White spot disease movement restrictions
Movement restrictions are in place to prevent the spread of white spot disease. Penalties apply if you breach these restrictions.
Do not move the following items from the restricted area unless you cook them first. Freezing does not destroy the virus.
- Marine worms
- Crustaceans (other than those listed as exempt)
The restricted area extends from Caloundra to the New South Wales border (following a line 100m off the eastern coasts of Bribie, Moreton and Stradbroke Islands) and west to Ipswich.
Use of bait prawns
You must not take prawns, yabbies or worms sourced from the white spot disease restricted area out of the restricted area.
To avoid accidentally spreading the disease, you must consider where your bait comes from before using it. Always use locally sourced, Australian, wild-caught prawns, yabbies or worms from a quality bait supplier, or catch your own close to where you intend to fish.
Do not use prawns purchased from supermarkets for human consumption as bait. If you use these prawns, you may unknowingly introduce serious diseases into natural waterways.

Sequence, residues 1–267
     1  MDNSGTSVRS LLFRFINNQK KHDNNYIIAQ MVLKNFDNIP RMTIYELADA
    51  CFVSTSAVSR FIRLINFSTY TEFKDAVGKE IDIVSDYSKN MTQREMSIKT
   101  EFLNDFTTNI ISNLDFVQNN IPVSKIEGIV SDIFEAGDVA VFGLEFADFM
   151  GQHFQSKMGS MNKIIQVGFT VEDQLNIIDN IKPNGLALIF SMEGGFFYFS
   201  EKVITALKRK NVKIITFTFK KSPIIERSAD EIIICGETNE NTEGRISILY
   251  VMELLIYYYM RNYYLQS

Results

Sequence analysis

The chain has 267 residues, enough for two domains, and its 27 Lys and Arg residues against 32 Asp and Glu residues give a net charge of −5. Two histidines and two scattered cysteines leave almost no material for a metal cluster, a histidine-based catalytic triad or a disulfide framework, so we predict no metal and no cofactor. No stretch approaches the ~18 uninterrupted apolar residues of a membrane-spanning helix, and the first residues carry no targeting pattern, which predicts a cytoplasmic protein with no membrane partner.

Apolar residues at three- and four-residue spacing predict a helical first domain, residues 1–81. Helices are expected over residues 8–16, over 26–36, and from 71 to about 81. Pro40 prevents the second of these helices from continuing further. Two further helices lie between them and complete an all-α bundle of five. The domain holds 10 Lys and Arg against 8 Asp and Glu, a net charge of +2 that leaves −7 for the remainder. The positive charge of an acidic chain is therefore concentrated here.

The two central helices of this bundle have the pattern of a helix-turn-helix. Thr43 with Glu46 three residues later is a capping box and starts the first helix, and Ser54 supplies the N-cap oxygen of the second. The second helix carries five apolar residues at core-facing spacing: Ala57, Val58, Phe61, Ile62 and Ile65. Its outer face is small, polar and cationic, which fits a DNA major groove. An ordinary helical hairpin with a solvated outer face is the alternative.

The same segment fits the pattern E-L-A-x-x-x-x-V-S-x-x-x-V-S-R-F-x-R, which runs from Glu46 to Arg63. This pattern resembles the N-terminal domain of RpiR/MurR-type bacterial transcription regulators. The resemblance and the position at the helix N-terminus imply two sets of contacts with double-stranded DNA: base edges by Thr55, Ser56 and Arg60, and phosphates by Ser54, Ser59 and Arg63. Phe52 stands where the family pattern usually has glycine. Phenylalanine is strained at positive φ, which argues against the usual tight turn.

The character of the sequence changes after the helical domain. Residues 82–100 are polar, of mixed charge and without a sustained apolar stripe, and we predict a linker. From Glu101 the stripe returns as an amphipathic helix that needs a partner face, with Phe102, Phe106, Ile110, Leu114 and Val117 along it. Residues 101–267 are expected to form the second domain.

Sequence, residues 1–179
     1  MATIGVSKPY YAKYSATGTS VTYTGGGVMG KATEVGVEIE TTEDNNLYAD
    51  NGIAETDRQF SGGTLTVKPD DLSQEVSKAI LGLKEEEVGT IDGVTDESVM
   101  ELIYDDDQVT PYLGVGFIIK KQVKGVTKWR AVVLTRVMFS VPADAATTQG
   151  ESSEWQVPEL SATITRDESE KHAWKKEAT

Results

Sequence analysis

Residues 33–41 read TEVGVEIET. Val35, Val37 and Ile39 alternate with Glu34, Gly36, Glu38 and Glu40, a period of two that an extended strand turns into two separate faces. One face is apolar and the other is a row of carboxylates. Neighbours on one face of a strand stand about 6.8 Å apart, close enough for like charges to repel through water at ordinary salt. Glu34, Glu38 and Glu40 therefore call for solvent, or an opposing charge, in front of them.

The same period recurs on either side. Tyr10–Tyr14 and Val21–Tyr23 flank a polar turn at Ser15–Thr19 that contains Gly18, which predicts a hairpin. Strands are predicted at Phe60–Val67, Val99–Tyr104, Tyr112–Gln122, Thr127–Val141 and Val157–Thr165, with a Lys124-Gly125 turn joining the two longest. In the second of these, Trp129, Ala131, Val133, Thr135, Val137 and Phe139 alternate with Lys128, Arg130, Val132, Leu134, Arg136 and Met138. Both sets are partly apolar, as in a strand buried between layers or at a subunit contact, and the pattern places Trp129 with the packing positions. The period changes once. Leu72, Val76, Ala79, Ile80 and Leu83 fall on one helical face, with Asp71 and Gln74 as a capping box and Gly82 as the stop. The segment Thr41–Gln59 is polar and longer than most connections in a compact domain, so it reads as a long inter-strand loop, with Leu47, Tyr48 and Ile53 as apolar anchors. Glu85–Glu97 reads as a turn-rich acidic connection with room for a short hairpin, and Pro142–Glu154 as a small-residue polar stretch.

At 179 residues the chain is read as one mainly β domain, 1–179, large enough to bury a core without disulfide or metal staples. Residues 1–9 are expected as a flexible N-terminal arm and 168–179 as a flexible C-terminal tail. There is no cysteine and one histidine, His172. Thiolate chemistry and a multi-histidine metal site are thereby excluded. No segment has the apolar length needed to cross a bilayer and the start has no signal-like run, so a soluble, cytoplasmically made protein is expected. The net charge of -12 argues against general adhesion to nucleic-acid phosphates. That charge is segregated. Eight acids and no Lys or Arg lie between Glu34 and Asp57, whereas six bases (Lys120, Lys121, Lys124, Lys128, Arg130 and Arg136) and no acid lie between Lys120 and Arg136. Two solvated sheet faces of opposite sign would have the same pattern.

Exemption for crabs, lobsters and bugs
Crabs, lobsters and bugs are exempt from the restrictions and may be removed from the restricted area. These animals are caught and sold for the sole purpose of being eaten, so the risk of them being returned to natural waterways and spreading the white spot virus is negligible.
The exemption applies to:
- spanner crabs
- three-spotted crabs
- blue swimmer crabs
- mud crabs
- red champagne lobsters
- slipper lobsters
- tropical rocklobsters
- red claws
- Report suspected cases of white spot disease to Biosecurity Queensland on 13 25 23 or via our online reporting page
- Read the latest white spot disease eUpdates.
- Follow Biosecurity Queensland on Facebook and Twitter.